Returning Deep Serves
Keep your hand high and ready for fast deep serves that are no-spin, sidespin, and topspin.  If the backspin serve comes, then you can drop your racket connected to your core and legs.  But if you aren't sure of the spin, then go directly over the table with a compact stroke and lots of spin guessing that the serve is no-spin, sidespin, or topspin.
Returning Short Serves
Against all types of spins, you should have the ability to push short, push long, and flip all types.  But for now...  I'm ok to push deep to the backhand on all backspin serves, and flip all no-spin, sidespin, and topspin serves.  With the flip, find the inside of the ball (by moving both feet) and flip to an excellent location.  Flip after the top of the bounce.  Flip and recover.  If you aren't sure where to flip to, the backhand or middle are usually good choices.
Returning Half-Long Serves
When looping the half-long serves, actively move both feet into position, start your racket over the table, take a short backswing, and generate plenty of spin with a compact stroke.  If the serve is heavy backspin, you will need to wait until it clears the edge of the table and give plenty of arc on your loop.  If it is light spin, then you can meet the ball over-the-table more.
This will be one of the primary themes in the coming months.  With the Power Pong Robot, you should be doing both systematic footwork (around 65 BPM) and random footwork (around 55 BPM).  Stay on your toes, slightly on the inside of your feet, push with the outside leg, keep your center of gravity low, be ready to make a secondary adjustment, feet the weight transfer, recover and respond for the next hit.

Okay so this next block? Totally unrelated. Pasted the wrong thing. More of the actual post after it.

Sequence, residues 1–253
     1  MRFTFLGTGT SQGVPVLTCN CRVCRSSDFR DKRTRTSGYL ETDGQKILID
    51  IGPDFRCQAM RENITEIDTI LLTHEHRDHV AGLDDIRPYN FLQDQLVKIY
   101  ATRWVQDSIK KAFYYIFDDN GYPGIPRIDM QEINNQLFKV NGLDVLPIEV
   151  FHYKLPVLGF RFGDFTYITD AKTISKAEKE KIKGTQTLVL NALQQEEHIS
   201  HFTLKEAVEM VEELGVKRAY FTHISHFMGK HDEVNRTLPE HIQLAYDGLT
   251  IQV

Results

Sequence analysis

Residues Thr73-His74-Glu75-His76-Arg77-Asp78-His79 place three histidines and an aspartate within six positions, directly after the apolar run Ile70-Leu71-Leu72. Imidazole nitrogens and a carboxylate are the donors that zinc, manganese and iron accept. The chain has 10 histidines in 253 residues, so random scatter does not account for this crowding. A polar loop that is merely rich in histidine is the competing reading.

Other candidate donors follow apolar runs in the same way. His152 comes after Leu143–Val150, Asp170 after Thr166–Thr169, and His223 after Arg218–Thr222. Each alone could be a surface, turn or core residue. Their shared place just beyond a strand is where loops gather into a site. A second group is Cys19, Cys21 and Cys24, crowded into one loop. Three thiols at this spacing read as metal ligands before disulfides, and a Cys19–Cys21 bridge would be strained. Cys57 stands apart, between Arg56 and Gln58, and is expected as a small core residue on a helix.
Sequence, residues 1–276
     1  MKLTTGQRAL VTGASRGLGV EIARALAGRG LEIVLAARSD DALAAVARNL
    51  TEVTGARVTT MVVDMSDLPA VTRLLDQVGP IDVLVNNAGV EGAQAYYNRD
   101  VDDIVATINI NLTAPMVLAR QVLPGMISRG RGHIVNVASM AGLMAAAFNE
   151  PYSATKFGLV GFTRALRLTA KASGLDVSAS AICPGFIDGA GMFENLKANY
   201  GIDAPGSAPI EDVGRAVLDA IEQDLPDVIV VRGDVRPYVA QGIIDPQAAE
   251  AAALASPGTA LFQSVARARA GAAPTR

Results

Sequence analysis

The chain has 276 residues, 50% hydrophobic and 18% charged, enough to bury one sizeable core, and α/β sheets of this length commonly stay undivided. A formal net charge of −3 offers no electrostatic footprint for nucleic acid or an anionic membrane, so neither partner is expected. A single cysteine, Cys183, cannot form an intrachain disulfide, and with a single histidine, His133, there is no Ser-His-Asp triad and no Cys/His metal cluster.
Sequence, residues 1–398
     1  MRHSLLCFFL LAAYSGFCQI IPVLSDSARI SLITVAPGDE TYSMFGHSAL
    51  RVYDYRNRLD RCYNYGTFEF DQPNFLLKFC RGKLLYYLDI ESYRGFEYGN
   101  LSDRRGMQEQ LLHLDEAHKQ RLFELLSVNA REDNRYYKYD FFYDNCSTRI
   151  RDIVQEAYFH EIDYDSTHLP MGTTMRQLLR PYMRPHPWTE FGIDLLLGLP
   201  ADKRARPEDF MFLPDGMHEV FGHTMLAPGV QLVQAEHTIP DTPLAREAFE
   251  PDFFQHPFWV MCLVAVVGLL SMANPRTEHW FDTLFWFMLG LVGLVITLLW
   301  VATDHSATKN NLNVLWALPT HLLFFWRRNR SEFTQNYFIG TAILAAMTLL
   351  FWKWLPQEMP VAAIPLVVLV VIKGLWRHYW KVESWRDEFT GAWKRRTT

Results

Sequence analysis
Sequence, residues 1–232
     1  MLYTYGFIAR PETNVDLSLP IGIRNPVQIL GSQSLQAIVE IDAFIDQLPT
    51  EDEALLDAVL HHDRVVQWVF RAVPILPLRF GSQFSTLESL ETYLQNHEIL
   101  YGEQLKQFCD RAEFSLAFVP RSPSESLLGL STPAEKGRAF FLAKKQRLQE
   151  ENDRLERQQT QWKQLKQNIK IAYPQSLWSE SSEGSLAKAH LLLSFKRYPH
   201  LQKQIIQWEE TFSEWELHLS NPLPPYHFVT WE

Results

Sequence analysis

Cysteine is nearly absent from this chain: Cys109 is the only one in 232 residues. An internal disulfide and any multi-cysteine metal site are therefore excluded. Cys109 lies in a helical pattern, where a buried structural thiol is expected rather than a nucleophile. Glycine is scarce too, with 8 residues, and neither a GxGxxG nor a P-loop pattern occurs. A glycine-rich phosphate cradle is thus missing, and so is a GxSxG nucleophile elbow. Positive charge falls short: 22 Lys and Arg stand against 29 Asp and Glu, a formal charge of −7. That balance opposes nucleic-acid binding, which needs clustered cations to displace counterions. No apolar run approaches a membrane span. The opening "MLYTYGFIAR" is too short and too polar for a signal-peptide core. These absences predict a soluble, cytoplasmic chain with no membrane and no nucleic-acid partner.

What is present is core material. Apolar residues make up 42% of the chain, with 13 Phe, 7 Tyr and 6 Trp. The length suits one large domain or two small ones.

The priority right now is your own balance, positioning, timing, and action (feel) on the ball to generate more spin.  As you get better and better with this, we will be talking more in-depth about tactical locations to hit to.  For now, with Power Pong Robot training, I would recommend hitting 80% of your shots to the wide backhand.  About 20% of the time, when you are in-position and can hit with more quality, then intentionally change to the middle or wide forehand.  Intentionally change.  That is an important concept.  When you watch the top players in the world, they are decisive and intentional about every hit - directly pushing short here, directly flipping there, directly counterlooping over there, every single shot has a designated location.  Yours should too!  We aren't talking about very very specific tactical location, but general locations at this point.  Wide to the backhand 80% with robot training and intentionally change to the middle or wide forehand.
Keep up the good work!



Learn Table Tennis - ONLINE